About Us

Here at Backbeat Tours we tell people from all over the world about our unique city everyday. From Graceland to the Grizzlies, Beale St. to the Burbs we are passionate about Memphis. This blog is where we share quirky, behind-the-scenes tales of Memphis, past and present.

Tuesday, May 13, 2014

Up, Up, and Away

Our New Year's resolution this year was to look for unusual and thrilling things to do in Memphis, things we've never done before and might never do again - a bucket list of sorts that we call Project Adrenaline. You may have read our post about the Polar Bear Plunge, the first of our Project Adrenaline activities. This month, Backbeat manager Meagan May offered us the chance to ride in an AirCam, a homemade airplane (yes, I said "homemade") that her father-in-law Tim built and pilots himself. (Tim is a biomedical engineer. I don't think that has much to do with building planes, but at least the word "engineer" is in the title.)

We thought it a wonderful way to honor our recent college graduates here in Memphis, who are now flying themselves, experiencing the "thrill" of having the whole world laid out before them.

Meagan and Tim met myself and Backbeat music guide Nancy Apple at Colonial Air Park outside Collierville to enjoy 20-minute flights in the lightweight, open cockpit AirCam. As I strap myself into the tiny plane, I see a crude instrument panel and joystick in front of me, and some pedals on the floor.  Pilot Tim tells me not to touch anything or we'll crash. "Well, except for that red handle behind you," he says. "If we start going down, just pull on that. It's a parachute." (No, not for me, for the whole plane.)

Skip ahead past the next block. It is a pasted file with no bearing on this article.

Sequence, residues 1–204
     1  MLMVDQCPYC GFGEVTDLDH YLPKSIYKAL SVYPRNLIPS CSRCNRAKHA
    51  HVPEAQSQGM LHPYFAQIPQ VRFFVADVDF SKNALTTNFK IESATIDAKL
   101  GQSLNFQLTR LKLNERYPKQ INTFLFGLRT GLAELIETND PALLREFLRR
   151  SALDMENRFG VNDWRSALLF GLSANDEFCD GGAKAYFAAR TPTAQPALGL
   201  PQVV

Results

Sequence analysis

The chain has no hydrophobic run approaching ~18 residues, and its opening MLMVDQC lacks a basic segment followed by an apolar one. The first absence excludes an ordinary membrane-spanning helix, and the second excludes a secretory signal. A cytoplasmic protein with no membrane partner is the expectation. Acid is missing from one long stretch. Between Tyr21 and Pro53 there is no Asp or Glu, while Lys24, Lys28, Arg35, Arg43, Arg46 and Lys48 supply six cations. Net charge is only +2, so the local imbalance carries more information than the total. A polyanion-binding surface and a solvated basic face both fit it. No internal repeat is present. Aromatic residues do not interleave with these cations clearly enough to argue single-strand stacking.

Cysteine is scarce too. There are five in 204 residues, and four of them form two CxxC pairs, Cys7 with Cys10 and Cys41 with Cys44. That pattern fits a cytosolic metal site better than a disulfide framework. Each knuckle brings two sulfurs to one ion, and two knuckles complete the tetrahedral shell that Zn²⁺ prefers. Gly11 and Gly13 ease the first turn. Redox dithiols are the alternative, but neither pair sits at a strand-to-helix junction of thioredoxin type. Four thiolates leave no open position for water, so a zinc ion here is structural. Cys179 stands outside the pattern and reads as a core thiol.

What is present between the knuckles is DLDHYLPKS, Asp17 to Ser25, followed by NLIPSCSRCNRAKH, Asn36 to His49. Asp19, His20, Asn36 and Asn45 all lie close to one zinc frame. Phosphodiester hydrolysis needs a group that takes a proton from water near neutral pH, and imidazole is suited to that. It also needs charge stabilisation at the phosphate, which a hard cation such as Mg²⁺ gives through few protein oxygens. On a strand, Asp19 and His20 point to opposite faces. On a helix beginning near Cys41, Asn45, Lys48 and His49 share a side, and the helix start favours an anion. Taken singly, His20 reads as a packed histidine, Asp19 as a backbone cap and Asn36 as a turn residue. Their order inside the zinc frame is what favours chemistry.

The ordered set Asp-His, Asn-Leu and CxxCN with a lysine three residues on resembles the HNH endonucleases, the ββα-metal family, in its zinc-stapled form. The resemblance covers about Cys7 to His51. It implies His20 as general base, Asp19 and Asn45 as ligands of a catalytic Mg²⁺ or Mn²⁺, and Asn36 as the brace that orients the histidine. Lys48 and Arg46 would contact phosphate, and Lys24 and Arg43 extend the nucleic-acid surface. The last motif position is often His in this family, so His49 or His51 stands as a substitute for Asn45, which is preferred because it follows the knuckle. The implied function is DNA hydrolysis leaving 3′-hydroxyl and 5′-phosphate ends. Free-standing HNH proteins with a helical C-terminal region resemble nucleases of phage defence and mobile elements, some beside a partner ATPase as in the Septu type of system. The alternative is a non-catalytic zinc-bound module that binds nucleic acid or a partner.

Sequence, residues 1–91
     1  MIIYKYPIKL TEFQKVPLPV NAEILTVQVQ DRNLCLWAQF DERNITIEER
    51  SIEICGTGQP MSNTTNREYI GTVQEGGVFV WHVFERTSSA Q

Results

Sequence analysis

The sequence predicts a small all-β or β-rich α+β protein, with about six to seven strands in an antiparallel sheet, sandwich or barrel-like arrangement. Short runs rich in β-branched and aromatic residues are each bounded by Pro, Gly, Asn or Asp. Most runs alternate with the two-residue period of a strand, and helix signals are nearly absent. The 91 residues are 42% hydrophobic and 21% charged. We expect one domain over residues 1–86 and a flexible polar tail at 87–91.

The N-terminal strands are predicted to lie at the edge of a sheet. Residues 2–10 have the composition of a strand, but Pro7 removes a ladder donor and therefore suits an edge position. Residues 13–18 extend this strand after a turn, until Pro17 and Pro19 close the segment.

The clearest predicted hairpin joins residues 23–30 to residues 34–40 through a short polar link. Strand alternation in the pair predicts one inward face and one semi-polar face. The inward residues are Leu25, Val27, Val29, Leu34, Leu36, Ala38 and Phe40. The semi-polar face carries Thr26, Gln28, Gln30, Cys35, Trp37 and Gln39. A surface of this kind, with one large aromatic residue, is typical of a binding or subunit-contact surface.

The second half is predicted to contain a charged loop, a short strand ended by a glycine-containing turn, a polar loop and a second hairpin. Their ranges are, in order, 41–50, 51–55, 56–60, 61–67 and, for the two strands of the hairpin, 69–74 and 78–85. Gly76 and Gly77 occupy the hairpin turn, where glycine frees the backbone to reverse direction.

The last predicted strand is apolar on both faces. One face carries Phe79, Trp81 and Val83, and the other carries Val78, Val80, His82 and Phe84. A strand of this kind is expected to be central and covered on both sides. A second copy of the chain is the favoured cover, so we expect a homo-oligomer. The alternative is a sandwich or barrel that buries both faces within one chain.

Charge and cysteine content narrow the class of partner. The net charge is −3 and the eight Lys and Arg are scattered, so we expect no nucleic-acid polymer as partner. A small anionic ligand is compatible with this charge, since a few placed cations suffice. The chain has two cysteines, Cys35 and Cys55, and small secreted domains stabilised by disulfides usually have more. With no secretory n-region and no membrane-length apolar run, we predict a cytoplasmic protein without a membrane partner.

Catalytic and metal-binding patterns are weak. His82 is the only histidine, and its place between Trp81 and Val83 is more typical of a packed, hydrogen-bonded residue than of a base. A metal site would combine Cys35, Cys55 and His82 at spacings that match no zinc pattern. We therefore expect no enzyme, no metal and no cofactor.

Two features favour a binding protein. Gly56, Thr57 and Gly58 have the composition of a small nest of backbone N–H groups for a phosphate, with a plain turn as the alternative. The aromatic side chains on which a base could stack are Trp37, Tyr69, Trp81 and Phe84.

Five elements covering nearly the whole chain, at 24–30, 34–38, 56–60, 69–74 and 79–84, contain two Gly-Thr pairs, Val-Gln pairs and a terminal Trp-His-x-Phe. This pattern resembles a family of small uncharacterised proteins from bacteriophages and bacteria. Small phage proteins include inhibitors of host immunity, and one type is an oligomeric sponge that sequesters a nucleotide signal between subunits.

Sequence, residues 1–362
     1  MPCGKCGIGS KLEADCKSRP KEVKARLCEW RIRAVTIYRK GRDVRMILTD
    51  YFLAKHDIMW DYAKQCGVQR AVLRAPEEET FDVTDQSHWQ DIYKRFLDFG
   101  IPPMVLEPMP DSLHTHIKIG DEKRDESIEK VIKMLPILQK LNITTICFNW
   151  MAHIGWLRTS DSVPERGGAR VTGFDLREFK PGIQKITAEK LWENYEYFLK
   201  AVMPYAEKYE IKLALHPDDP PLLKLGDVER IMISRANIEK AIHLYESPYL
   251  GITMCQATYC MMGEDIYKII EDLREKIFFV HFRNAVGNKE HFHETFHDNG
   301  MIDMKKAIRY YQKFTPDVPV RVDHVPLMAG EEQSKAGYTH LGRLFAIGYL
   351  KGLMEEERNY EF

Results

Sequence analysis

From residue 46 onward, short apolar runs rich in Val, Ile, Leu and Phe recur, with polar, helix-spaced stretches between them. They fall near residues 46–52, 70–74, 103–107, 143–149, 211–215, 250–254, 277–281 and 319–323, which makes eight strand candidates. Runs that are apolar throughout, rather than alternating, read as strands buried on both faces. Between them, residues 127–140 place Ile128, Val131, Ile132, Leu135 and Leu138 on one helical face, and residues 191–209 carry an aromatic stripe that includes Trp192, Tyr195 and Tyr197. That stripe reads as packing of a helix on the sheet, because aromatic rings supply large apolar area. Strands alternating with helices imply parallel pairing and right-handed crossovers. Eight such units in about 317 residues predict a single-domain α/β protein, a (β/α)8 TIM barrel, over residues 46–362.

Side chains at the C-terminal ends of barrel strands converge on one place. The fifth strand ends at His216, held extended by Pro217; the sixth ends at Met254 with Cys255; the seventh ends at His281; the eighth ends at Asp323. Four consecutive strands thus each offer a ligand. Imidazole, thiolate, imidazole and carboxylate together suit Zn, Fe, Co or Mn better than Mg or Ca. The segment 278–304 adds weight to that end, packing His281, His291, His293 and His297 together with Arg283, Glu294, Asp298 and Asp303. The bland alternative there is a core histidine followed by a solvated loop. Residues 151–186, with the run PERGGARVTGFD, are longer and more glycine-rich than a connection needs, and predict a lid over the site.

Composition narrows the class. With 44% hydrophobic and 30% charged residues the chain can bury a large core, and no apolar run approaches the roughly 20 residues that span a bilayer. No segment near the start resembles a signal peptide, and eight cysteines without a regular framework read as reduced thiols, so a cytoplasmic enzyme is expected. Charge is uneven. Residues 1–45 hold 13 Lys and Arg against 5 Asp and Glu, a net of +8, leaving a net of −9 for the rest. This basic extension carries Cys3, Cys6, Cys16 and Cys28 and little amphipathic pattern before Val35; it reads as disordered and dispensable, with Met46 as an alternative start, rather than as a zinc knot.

The AirCam isn't for everyone. The kit itself costs $50,000 and takes an average of 1,100 hours to build, and you need a pilot's license to fly it.  It was first designed for the National Geographic Society for aerial photography in remote areas of Africa. Powered by two engines mounted on the wings, the AirCam flies low and slow, and provides a wide, unobstructed view of the ground below, making it perfect for wildlife photography. Or, as it turns out, for buzzing over waterskiers on a beautiful Mississippi afternoon.

"Check it out," says Tim, as he banks the plane over a small lake south of Collierville. The ground and water yaw up at us and we see a family in a boat below - mom, dad, and four kids - waving excitedly at us. We're flying low, just a few hundred feet from the ground, and we can clearly see their smiling faces. I wave back at them as we soar over the lake. This is what flying in its earliest days must have been like, strumming along on the wind like a dragonfly, over houses and fields with grazing horses, with that perfect freedom that you can only get high above the earth.

We're wearing helmets with a headset inside, and up front Tim is chatting away on the intercom. "You like rollercasters?" he asks. Before I answer, whoa! we're plummeting down in a sudden maneuver that leaves my stomach up near my throat. We pull up and level out, both of us laughing, exhilarated.

Before long, our time is up and we circle around back to the landing strip. I reluctantly unfold myself out of the cockpit - it's a tight squeeze for anyone over four feet tall - and Nancy wriggles in for the next flight. As I watch Tim take off again and the orange and white plane disappears from view, I think to myself the trick is finding a way to never come down.

By Bill Patton, President of Backbeat Tours and adrenaline junkie.

Saturday, May 3, 2014

Downtown Kidventure: Family Fun in Memphis

Downtown Memphis - home to music, nightlife, great sports action .... and kid mecca? If you grew up in the '70s or '80s, that might seem far-fetched, but look at the city now and you'll see a wondrous place full of adventure, fun, and frolic. From the Orpheum Theater to the Peabody Ducks, from the Fire Museum to the Mississippi River Steamboats, from the Main Street Trolley to the old-time Peanut Shoppe, there are no end of delights to please every child. We're proud of our city's resurgence, so - as part of our Memphis Loves Memphis tour series - we want to invite you and your family to join us on a unique child-oriented tour: the Downtown Kid-Venture.